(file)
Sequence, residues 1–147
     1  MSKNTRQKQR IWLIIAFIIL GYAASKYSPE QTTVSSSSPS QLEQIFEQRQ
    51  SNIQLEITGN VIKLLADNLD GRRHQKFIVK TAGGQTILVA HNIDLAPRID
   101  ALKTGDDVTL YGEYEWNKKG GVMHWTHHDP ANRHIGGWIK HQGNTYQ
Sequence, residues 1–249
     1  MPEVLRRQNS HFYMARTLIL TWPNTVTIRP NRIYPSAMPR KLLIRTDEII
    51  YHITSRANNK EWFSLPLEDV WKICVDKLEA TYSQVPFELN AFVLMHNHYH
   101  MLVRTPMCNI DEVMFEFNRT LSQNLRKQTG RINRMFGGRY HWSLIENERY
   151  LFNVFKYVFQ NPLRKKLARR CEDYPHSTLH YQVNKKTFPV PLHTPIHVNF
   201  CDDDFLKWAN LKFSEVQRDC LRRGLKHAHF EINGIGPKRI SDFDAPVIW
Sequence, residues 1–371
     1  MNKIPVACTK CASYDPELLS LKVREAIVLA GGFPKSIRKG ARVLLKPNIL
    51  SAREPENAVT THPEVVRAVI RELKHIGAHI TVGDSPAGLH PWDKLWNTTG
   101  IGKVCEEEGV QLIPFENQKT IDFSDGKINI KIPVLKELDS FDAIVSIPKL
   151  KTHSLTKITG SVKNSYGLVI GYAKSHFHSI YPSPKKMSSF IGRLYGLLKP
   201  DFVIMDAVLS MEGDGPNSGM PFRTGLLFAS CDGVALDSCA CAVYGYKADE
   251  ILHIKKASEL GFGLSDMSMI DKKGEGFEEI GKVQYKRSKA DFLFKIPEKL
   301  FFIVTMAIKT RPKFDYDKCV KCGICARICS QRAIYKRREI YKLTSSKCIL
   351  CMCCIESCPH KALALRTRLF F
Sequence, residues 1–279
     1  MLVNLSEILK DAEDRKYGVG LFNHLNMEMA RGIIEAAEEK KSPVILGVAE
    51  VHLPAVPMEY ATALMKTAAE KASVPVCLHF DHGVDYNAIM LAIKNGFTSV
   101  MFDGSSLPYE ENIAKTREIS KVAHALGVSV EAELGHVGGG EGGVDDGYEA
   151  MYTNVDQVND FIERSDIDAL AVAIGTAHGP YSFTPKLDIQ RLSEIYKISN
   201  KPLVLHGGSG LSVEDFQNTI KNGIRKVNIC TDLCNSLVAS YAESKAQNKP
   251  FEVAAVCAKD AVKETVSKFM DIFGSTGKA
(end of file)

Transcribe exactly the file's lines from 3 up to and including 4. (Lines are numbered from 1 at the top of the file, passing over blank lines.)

    51  SNIQLEITGN VIKLLADNLD GRRHQKFIVK TAGGQTILVA HNIDLAPRID
   101  ALKTGDDVTL YGEYEWNKKG GVMHWTHHDP ANRHIGGWIK HQGNTYQ